The rest of last week post-hurricane was kind of weird at work.  Lots of catch-up, and my boss was the doc on service for the solid tumor patients, which meant I had to be on my best behavior (and not be late for rounds, whoops).  It was honestly the most I have seen my boss since I started in July.  Apparently, he is a very busy guy.  I keep forgetting that he runs the entire Center for Childhood Cancer Research, and until recently, was the Chief of Oncology (he stepped down voluntarily... probably to save his sanity).  I do enjoy my job, at least as much as one can enjoy a moderately administrative research position, anyway, and my managers and associated coworkers seem to love me.  It is really nice that people frequently tell the doctors I work for that I am "outstanding" and "on the ball" and one of the docs I work for sent an email to my boss saying how glad she was that they hired me (and cc'd me on it, haha).  It's nice to be appreciated, even if I know that this isn't what I want to do for the rest of my life.  In fact, it makes me feel kind of bad that I applied to PA school and theoretically (hopefully?) could be leaving in the fall.  Now, that time is still 8-9 months away, but still.
Which brings me to my next point!  I finally, FINALLY, got an invitation to interview at a PA program!  It was kind of random how it came about, as I hadn't even originally applied to this program in the first place, mainly because the program didn't exist.  So, the University of the Sciences in Philadelphia (henceforth known as USP, b/c that is a long title) has had a linkage program with the Philadelphia College of Osteopathic Medicine (PCOM) for PA school for years.  So, people who went to USP for pre-PA studies undergrad could go to PCOM after finishing their BS degrees, but USP didn't have their own PA program.  I guess after years of sending students to PCOM for PA school, USP realized that they wanted to make that tuition money, so they started their own program, set to accept its inaugural class in Fall 2013.  My friend that I worked with at Penn had randomly emailed me and said, "Hey, did you know USP has a program??" and I was all "????" but I went and looked at it, and even though I fall just short of their GPA requirements (3.2), I applied anyway because... why the hell not.  I wasn't expecting anything, especially since they are accepting 20 students (most classes are between 50-100), but last week I got the email inviting me for an interview.  I am SO excited, but there are two things that worry me, one decidedly more than the other.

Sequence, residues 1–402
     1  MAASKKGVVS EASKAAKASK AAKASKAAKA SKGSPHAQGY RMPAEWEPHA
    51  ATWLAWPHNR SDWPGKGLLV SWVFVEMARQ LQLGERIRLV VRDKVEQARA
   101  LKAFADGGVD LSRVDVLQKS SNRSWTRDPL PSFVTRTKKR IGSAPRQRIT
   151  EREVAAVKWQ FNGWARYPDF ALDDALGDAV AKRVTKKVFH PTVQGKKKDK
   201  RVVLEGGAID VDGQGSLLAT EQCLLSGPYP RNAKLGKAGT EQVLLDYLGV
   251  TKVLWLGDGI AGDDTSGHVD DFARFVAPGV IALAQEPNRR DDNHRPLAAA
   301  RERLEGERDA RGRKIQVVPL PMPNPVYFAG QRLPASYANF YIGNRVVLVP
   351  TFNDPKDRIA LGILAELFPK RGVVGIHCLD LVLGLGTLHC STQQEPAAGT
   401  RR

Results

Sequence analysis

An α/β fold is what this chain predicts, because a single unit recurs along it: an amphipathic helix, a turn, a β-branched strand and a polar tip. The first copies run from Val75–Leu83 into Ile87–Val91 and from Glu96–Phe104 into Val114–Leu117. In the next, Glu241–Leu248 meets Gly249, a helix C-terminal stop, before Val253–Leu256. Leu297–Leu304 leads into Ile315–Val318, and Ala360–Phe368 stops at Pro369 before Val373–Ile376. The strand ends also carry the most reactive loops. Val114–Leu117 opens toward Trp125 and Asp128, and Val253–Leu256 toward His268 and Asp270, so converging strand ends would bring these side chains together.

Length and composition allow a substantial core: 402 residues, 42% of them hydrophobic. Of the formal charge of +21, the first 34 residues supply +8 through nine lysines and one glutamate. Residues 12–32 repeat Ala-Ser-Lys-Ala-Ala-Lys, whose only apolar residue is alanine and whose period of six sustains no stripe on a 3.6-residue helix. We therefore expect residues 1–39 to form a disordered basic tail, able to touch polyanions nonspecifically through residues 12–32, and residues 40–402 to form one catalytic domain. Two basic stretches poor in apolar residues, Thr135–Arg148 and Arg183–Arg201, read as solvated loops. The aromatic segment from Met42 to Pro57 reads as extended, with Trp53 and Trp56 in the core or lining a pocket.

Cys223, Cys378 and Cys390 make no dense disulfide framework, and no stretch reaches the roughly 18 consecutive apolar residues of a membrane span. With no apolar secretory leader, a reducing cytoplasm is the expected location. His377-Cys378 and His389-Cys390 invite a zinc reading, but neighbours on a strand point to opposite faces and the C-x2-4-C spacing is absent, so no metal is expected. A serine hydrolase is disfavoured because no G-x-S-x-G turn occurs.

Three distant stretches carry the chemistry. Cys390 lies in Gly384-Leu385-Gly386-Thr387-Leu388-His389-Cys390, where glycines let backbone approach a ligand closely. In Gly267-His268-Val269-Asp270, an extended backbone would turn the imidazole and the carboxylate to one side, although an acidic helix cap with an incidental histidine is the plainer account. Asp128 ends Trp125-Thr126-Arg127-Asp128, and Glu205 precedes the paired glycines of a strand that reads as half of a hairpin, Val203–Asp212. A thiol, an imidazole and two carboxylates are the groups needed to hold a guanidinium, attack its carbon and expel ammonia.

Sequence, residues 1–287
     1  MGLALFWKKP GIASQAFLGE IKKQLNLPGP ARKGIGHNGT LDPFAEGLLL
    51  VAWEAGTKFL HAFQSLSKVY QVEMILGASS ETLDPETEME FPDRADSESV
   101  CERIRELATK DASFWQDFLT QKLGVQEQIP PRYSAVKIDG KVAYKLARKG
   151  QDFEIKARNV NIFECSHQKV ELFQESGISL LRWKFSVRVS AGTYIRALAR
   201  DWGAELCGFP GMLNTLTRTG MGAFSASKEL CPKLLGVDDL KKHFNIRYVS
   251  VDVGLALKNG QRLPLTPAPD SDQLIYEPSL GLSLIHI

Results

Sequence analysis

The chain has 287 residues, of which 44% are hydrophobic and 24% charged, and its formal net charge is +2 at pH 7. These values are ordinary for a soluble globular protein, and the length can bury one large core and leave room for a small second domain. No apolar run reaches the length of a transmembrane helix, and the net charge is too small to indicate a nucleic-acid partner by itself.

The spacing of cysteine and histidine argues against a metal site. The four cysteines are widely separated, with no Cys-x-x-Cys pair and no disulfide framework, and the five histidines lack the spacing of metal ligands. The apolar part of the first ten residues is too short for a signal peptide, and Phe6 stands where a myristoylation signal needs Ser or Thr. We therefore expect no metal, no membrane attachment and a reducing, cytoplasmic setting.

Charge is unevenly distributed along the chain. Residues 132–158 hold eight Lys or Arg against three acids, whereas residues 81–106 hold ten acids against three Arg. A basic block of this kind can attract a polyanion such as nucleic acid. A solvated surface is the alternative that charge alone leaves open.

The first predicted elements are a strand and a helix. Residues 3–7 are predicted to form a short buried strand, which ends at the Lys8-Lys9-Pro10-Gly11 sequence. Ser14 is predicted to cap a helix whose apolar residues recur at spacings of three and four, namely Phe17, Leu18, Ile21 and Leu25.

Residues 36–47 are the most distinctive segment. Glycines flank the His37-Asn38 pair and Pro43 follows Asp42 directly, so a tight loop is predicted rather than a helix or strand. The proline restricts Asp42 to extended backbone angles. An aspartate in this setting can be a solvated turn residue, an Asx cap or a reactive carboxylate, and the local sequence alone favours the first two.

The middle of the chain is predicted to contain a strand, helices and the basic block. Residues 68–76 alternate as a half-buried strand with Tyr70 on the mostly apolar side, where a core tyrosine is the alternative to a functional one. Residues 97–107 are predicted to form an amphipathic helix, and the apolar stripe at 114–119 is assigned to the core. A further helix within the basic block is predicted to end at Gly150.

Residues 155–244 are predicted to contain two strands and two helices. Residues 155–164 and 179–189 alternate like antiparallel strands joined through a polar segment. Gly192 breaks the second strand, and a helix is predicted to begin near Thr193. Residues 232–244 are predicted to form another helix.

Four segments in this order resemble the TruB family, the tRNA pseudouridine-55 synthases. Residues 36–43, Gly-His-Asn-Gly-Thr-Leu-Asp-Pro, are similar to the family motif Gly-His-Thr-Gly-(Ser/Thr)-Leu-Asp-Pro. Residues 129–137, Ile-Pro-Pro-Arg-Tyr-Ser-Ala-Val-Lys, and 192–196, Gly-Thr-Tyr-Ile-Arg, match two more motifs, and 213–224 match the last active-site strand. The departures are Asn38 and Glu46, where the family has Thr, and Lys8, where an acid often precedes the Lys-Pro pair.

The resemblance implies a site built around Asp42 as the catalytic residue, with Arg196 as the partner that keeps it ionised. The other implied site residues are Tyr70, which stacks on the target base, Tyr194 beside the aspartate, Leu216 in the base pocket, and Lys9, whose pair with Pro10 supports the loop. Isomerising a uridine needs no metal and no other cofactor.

1. The program is 3 years, instead of 2.  This is because there are a few extra weeks of clinicals (never a bad thing), but also that there are summers off (most programs go straight through the summer and the programs finish in about 26 months).  Now, this isn't terrible, as it might be nice to have a break for my brain, and to maybe work (if I can find a summer job?), but it makes me slightly less gleeful about the whole thing because I'd rather finish sooner.

2. Since the program is BRAND new, it's provisionally accredited.  This means that the powers that be have accredited it "for now" and that they fully expect it to be fully accredited in the near future (within 3 years, as that is the longest you can remain provisionally accredited).  HOWEVER, one cannot sit for the PANCE (Physician Assistant National Certifying Exam) if your school isn't fully accredited, and if for some reason, something gets screwed up, as I am ready to graduate, I may not be able to get licensed and therefore won't be able to work and that would be HORRIBLE because now I would be in immense debt and have NO job prospects.  Sooooo yeah.  The good news is that that probably wouldn't happen... but still.  Nervewracking.  That being said, I'll take the interview and ask all of these important questions (WHEN WILL YOU BE FULLY ACCREDITED!?!?!) and hopefully dazzle them with my brilliance.  In the meantime, PCOM, Salus, NYIT, Chatham, and Barry all need to get back to me with interview requests and subsequent acceptances.  Come on, now.

So yes.  That's the story there.  Things elsewhere remain pretty status quo.  Married life is largely like unmarried life, I'm still mostly diseased in one way or another and doctor's have no idea what to do with me, my mother is insane, and it's way too cold already (and I don't like it).  I'm finding that I have a lot of free time now that I'm not planning a wedding (which took up WAY more time than I ever thought it did) so I am trying to get some things done.  My list so far includes:

- Read for pleasure
- Start knitting again
- Write thank you notes (more of a necessity than a desire)
- Bake (I am obsessed with my new mixer!)
- Have game nights/girls' nights
- Try new recipes
- Organize my jewelry box (that thing is a disaster)
- Maybe try working out again (if I don't pass out)
- Get our ketubah framed (so it can stop living in between acid-free matboard on our kitchen table)
- Start Hanukkah shopping (It starts December 6th!)

And as much as I'd love to detail my latest adventures in health insurance catastrophes, tell stupid cat stories, or expound upon the reasons why my mother is retarded, why Ken's mother is retarded, and why I wish we could buy a house sooner than we can... I have to go to my stupid A&P class.  15 class meetings left....

Stay warm out there!

- A